Frances McDormand reflects on the beauty of South Dakota's badlands in "Nomadland."

Her name is Chloé Zhao, and she makes Westerns. It may seem odd that this 38-year-old native of Beijing found herself at home in the Great American West, but then, we so often see people find their place far from where they grew up. Two years ago, Zhao caught the eye of people on our shores with her first American film, The Rider, which starred a real-life rodeo rider in South Dakota. Her follow-up movie, Nomadland, is more impressive yet. It comes to our multiplexes this week, though I think a better place to see it would be at a drive-in where the open spaces around your car echo the open spaces in the film.

The film is set in 2012, in the wake of the previous recession. Frances McDormand plays Fern, who has recently lost not only her husband but also her Nevada hometown, after the mining company that employed everyone there shut down operations. Now she has taken to living out of a van, traveling all over the West, and doing seasonal jobs because she’s not yet old enough to live on retirement.

McDormand blends in seamlessly with a cast filled mostly with real-life nomads who roam the freeways thus from California to Nebraska. One indelible moment comes when a 75-year-old nomad named Swankie tells Fern about her terminal brain cancer and how her sight of swallows over a river during a long-ago kayaking trip to Colorado let her know that she had lived a good life. There’s such an easy rapport between her and McDormand that a whole movie could have been made from just them hashing out the particulars of life without a house.

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Zhao is all about the particulars, as Fern is relatively new to this way of life and occasionally needs advice, with Swankie admonishing her about traveling without a spare tire. The director and her cinematographer Joshua James Richards have an eye for the beauties of the terrain, whether they’re in the badlands of South Dakota or the desert of Arizona. However, they don’t overlook the grimy details of the various workplaces where Fern toils: a national park, a sugar beet farm, a diner, an Amazon plant. The nomads know one another, and life is a constant series of farewells and reunions as they journey down their own paths.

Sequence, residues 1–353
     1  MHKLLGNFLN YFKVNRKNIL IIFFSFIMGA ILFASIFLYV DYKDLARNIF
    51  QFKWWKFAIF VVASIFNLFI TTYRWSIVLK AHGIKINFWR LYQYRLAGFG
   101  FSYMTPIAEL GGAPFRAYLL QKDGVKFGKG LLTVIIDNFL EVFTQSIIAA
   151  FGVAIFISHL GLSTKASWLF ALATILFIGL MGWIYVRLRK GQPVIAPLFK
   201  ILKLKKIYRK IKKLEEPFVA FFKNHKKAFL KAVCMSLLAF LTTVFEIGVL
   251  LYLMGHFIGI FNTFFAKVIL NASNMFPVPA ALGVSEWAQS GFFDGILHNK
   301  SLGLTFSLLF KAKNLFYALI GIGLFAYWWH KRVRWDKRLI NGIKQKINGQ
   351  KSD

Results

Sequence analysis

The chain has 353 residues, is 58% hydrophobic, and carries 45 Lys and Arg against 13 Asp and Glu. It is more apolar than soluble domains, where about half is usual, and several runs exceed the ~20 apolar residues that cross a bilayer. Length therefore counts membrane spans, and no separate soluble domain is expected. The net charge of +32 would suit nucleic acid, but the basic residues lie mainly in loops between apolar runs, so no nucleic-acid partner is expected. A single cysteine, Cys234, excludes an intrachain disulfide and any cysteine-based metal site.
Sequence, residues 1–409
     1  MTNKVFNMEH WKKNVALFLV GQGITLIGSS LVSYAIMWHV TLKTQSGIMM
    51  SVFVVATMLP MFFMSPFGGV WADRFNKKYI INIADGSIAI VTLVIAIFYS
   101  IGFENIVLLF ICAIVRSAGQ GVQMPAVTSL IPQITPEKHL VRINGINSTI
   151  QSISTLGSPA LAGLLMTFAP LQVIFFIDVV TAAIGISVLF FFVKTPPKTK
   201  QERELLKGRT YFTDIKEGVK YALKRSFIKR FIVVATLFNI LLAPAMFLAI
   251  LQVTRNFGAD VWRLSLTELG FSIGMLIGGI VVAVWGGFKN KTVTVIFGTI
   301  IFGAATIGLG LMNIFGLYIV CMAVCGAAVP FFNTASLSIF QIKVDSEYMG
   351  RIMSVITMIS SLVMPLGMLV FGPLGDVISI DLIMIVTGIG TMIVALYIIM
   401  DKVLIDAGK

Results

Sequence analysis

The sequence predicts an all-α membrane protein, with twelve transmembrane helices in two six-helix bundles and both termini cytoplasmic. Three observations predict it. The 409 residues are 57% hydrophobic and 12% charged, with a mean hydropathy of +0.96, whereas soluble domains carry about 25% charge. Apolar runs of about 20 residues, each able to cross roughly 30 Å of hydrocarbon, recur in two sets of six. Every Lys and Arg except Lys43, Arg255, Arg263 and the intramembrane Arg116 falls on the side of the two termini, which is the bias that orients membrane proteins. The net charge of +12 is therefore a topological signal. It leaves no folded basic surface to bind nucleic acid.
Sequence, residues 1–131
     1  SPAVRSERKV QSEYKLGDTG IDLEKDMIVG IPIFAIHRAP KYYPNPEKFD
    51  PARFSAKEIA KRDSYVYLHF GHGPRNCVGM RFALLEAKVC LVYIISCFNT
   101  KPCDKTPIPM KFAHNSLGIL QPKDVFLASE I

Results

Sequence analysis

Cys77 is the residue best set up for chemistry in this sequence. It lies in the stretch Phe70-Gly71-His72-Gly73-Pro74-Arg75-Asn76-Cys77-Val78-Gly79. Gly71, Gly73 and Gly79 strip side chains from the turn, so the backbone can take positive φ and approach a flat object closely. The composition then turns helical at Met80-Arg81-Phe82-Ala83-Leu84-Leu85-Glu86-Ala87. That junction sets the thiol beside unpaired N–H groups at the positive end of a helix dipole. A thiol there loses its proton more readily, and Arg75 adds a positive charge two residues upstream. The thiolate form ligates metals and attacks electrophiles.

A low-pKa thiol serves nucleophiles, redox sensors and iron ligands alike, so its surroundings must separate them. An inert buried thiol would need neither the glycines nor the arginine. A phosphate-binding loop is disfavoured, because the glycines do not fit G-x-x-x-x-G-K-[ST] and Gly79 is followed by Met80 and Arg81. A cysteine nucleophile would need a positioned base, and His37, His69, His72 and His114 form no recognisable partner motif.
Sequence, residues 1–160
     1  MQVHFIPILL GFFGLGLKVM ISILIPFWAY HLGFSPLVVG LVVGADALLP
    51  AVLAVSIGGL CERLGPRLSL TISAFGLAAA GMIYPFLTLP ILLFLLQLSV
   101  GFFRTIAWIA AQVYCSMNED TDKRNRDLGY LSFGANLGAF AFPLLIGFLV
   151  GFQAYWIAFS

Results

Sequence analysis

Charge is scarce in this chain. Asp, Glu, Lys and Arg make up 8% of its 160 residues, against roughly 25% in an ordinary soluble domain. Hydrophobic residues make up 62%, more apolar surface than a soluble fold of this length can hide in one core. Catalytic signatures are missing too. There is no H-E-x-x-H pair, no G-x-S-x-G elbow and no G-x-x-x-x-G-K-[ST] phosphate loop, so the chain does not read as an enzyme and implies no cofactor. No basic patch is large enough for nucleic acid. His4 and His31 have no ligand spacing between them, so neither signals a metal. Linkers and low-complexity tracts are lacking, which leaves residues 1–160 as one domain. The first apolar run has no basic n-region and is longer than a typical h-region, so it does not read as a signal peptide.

Some of those nomads are PTSD cases who can’t live in big cities, while others use the road as a refuge from addictions and the like. Perhaps Zhao could have been sharper about the forces that turn people like Fern into nomads. She gives us a bit of that when Fern is forced to stay with her sister (Melissa Smith) and starts in on her brother-in-law (Warren Keith) who’s buying up real estate in a predatory way. Nomadland could have used more to keep the film from being a misty-eyed tribute to the romance of the open road, but then, I don’t know that asking filmmakers to be socioeconomic professors is the best thing. What I do know is that Zhao, like Kelly Reichardt (whose Wendy and Lucy is spiritual kin to this film), has a knack for gazing on the deeds of marginalized people with the greatest delicacy and empathy, without turning preachy or polemical. Fern has a chance to settle down in a house with a man (David Strathairn, one of the few professional actors here) who cares about her, but she chooses to go back out on the freeway and tell a departed nomad, “See you down the road.” It’s hard not to climb on board with that.

Note: This article has been edited to correct some errors that were in the original copy. Click here for an explanation.

Starring Frances McDormand and David Strathairn. Written and directed by Chloé Zhao. Rated R.


  1. Some corrections: This is Zhao’s third film. “Songs My Brothers Taught Me” preceded “The Rider.” Swankie talks about/shot video of swallows, not pelicans, and though the movie version of Swankie dies, the real life Swankie (who doesn’t have brain cancer) is still alive, still kayaking, still wandering the West, and chuckling at your error.

  2. You might want to check your facts. Swankie is very much alive and well and still living the grand life in the southwest. Your article has given van groups on Facebook a hearty laugh over ‘fake news’.

  3. I guarantee you that Swankie is alive and there was no “dedication” not to mention “Colorado pelicans”. Did the writer actually see the movie or just use snippets of other reviews to create this review?

  4. Great review but you were mistaken in one respect: Swankie’s death was fictional. She is still very much alive and a good friend of mine. I was also in the movie in a non-speaking role.

  5. Swankie is alive and well…and amused, albeit a little creeped out, that Fort Worth Weekly has inaccurately reported her death. Perhaps a correction note is in order? By way of background, I’m the journalist who wrote the non-fiction book this film is based on. Feel free to reach out.

  6. A better review: Lots of hype about ‘Nomadland’, but I suggest you pass this one by. Beautiful scenery from the West, some poignant moments, but this film gets lost in the expanse, and wanders aimlessly. Director Chloé Zhao doesn’t seem to know what she wants to say, even if she has a knack for pointing the camera in the right direction. In a sense, the picture is a maudlin, treacly tale of white privilege focused on a character who, by the end, simply seems self-absorbed and immature in spite of her years. Thumbs down.